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The wedding

Written by on 26.10.2013
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The wedding

Marriage was an important turning point in eve­ryone’s life.

In Ithaca people got married only once and the couple had to live together until their life’s end since divorce was something unknown at that time. As in the other areas of Greece the wedding feasts used to last for several days with eating, drinking, singing and dancing, and after the ceremony relatives and friends accompanied the bride and her dowry to the new home. The songs sung were about the pretty couple and their deep, true love.

The bridegroom with his family accompanied by vio­lins and lute would go to the best man’s house who would join them and altogether they would go to the home of the bride. The ceremony would take place either at the bride’s house or the church with a cele­bration always following with rich meals, a variety of songs and local or European dances, all lasting for four continuous days.

The bridal bed was prepared by unmarried girls as they sang wedding songs, also awaiting the newly­weds were practical jokes set up by friends, one of the more popular ones was to hang animal bells under the mattress to interrupt the “mystery” of the first night. Three days prior to the wedding, relatives and friends would participate in the custom of making the mat­tress. They would stuff the mattress case with sheeps- wool and when finished they would “silver” the bed by leaving various silver coins on it. Afterwards a young boy, with both parents living, would roll on the mat­tress; this was a symbolic gesture for the good health of the couple and that they give birth to male children.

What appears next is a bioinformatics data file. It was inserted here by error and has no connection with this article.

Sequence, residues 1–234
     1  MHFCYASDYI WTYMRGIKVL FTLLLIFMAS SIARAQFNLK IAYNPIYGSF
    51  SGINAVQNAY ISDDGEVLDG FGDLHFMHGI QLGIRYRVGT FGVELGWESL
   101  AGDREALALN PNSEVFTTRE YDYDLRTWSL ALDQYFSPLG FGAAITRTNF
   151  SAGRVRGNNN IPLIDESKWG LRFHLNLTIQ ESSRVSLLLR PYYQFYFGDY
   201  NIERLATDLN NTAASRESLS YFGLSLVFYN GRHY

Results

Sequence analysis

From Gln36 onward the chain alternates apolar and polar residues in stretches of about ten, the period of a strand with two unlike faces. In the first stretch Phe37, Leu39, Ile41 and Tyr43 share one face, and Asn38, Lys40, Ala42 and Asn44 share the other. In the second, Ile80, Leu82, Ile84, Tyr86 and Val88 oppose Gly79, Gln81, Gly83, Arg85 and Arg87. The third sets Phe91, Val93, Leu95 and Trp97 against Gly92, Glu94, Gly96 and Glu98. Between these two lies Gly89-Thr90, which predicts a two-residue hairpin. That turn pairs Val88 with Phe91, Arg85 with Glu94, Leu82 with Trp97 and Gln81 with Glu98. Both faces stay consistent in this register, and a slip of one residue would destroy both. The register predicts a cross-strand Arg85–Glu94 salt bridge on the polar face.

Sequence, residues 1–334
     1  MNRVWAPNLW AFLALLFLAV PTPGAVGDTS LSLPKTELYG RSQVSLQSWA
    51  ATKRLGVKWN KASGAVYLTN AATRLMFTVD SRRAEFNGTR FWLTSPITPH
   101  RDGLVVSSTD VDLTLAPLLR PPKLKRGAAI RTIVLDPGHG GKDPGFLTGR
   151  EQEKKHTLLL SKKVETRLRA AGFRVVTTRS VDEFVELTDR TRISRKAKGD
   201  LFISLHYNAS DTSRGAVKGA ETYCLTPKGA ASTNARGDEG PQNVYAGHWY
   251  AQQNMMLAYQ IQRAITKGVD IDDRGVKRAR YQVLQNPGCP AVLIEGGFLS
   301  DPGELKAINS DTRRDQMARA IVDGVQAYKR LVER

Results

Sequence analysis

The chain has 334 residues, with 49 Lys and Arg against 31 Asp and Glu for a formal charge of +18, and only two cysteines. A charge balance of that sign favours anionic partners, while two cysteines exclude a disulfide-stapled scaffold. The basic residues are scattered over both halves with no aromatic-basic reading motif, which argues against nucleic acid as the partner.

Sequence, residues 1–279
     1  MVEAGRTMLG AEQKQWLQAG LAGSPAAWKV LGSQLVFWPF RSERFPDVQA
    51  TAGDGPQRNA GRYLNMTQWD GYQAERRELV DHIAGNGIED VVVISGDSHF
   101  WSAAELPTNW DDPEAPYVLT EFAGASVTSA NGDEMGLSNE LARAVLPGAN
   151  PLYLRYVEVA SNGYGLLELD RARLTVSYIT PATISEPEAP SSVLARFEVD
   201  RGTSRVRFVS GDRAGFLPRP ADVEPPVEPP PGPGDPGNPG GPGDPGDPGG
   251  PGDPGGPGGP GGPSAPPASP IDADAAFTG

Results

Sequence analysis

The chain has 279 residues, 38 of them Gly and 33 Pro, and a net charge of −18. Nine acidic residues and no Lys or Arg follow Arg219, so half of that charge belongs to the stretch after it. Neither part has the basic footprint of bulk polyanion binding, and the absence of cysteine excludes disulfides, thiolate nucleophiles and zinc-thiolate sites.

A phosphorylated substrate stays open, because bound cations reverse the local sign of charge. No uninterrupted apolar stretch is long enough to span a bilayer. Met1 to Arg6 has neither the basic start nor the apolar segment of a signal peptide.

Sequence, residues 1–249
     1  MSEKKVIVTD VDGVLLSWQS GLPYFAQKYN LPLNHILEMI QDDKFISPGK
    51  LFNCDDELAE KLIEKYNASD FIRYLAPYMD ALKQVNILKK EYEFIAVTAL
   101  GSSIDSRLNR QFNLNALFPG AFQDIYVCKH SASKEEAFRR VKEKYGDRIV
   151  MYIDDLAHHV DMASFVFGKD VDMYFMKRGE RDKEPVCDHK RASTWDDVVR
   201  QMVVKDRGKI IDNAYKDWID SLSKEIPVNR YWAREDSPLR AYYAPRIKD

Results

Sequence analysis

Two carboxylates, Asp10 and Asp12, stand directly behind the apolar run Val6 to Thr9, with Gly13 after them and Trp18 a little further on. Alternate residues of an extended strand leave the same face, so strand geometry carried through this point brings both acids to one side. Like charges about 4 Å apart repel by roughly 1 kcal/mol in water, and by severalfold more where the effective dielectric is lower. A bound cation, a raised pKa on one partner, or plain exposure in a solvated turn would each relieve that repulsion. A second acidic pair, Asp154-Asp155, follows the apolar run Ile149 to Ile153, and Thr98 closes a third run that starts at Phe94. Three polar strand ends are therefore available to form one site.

A few days preceding the wedding, the bride groom and relatives would visit the bride’s house with musi­cal instruments and songs, to receive the dowry, usually linen and household objects, completed after years of weaving and sewing. Placed in baskets, the dowry was carried on the heads of young girls to the groom’s house where a celebration would take place. Also a compulsory custom was that a small object had to be “stolen” from the bride’s parents’ house on behalf of the groom and the “booty” brought to him.

  • Reference:

    DSC 0193

    -Ιθάκη  Τότε και Τώρα- Εκδσεις Σπύρος Δενδρινός, Σπύρος Χ. Δενδρινός - Αλέκος Φ. Καλλίνικος

    -Ιστορικά και Λαογραφικά Ανάλεκτα της Ιθάκης - Ανδρέα Λ. Αναγνωστάτου 

    -Θιάκά Μοιρολόγια (Ημερολόγιο Ιθάκης, 1929)


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